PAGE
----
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A Guest Editorial
May 2008 | by Sam Borgese

 

I can't resist commenting about the many anxious voices responding to the assumed collapsing financial condition of Del Mar and the “call to arms” to save the village business area with new zoning, parking ordinance and the general rush to develop. So, I (and I suggest every resident do the same) read the recently published Revitalization Plan for the City of Del Mar by The Community Land Use and Economics Group.

The study is rich with fresh facts about who lives in and visits Del Mar, how the residents and visitors feel about Del Mar and what they would like to see or not see Del Mar present to them. The richness of the facts is compelling. Del Mar is truly the gem that we protect with a passion. This gem often generates boisterous and contentious argument over how it should be cared for and protected.

Yet as I read the CLUE report, I found the most compelling statements to be quotes lifted from already established City development guidance documents:

1976: Community Plan - “… Del Mar's business community should better serve local needs for goods and services and become a pedestrian-oriented compact center”; “…automobile traffic should not pose a hazard to life, should not intrude on the tranquility of the community life, nor should it interfere with walkers and bicycle riders”.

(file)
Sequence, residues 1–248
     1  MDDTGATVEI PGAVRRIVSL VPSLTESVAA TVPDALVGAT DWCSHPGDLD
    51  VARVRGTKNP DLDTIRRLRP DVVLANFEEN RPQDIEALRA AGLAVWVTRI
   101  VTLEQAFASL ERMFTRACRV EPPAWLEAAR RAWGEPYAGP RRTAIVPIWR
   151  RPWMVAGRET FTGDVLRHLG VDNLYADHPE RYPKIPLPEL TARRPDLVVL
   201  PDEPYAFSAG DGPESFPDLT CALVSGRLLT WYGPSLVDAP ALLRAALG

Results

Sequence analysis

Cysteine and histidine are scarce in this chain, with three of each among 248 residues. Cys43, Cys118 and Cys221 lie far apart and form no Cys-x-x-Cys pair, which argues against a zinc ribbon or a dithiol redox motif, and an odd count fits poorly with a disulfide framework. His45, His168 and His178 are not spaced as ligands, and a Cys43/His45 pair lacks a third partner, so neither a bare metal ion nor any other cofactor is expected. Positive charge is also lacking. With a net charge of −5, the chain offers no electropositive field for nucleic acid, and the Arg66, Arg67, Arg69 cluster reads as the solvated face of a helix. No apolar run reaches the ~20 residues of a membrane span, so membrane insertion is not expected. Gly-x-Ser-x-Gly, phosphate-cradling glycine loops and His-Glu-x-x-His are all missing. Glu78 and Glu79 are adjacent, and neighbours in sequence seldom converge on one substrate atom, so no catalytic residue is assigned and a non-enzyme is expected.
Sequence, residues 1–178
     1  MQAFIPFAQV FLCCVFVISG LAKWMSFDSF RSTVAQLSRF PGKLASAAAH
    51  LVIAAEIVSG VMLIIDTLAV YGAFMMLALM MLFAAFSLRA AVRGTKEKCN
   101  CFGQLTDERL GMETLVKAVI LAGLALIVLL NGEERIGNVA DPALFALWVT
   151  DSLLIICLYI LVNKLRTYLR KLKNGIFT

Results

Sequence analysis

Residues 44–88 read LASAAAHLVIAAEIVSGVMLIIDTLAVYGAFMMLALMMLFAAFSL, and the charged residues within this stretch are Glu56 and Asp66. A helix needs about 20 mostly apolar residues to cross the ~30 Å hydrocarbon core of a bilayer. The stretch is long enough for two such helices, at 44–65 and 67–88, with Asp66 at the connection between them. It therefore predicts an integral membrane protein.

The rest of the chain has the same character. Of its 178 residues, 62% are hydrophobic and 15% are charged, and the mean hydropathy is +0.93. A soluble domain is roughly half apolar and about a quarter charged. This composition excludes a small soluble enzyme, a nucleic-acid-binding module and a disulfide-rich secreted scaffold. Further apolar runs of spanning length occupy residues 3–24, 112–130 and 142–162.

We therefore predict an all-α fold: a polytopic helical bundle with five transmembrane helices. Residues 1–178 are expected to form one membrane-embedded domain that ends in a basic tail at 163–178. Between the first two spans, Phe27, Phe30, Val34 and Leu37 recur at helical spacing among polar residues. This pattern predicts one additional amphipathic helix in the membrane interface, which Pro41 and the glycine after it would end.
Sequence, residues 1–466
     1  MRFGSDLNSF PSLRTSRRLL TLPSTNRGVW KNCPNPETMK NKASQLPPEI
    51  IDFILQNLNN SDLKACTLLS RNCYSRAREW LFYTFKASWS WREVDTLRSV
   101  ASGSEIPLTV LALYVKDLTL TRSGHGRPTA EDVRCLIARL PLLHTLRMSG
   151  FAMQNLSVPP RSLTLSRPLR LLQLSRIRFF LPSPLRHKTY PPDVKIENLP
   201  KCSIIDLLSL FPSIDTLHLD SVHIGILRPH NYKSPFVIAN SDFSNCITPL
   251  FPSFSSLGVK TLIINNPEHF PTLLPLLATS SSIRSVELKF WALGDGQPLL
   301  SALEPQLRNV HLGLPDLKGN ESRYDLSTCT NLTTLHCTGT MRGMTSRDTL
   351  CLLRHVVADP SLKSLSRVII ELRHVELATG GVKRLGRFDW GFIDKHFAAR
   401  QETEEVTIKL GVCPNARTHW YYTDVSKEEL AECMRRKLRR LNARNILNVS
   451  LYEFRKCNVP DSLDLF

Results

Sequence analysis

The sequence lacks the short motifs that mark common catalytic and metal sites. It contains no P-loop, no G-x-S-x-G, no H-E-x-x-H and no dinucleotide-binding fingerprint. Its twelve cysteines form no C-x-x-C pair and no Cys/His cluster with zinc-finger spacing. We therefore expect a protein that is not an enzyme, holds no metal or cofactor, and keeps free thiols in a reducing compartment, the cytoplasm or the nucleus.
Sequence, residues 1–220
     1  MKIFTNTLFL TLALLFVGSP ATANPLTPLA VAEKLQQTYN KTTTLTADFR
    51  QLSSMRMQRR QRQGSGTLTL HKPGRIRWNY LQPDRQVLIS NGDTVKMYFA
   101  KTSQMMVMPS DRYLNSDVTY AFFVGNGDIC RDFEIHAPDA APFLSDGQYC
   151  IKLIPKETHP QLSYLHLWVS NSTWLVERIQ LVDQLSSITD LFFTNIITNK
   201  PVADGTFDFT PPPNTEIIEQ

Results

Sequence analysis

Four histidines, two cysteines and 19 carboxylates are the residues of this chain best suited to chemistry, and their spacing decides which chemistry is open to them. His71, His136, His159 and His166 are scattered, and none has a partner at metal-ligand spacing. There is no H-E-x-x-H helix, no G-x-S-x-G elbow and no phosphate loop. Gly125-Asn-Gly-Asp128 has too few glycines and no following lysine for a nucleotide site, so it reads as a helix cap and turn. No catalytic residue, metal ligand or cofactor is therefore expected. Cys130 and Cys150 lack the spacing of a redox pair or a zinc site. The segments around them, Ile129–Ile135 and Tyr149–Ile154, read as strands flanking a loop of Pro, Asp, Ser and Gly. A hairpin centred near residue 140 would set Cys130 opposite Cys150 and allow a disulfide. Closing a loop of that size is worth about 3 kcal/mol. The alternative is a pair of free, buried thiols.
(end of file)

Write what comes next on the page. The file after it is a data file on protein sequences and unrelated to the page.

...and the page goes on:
1982: Del Mar 2000 - “…The Del Mar 2000 program…represents a significant step forward into another area of environmental opportunity. This opportunity lies in the largely untapped potential of the Del Mar Commercial district and how it can be developed to create a functional and symbolic center for the entire community”; “ … to create an intimately scaled urban experience around an active, vital, and pedestrian oriented downtown”.

The CLUE report does have lots of “voids” and “sales leakage” data. It is also comforting to read that not much has changed over the 35 years since I became a resident. People still come to Del Mar to walk on the beach and dine in the village restaurants; village residents still want a pharmacy and a hardware store; and, only a handful of people own most of the commercial property.

The best sections of the Clue report are the recommended solutions for existing Del Mar businesses to think outside their own store-front box and the sections that list examples of unique businesses such as the custom musical-instrument shop, the quill pen shop that ships quills to the US Congress, the do-it-yourself dog wash or the restaurant that also houses a bookstore.

While we wring our hands over what to do next, I suggest we get busy doing what we know already needs to be done. Encourage residents and others to invest themselves and their resources to create the virtue of the village -- the honest expression of who we are as Del Mar residents and what we want people to experience when they visit. Done responsibly, the rest will follow suit. This virtue is in our village DNA, just read the Community Plan or Del Mar 2000.

 

   
 

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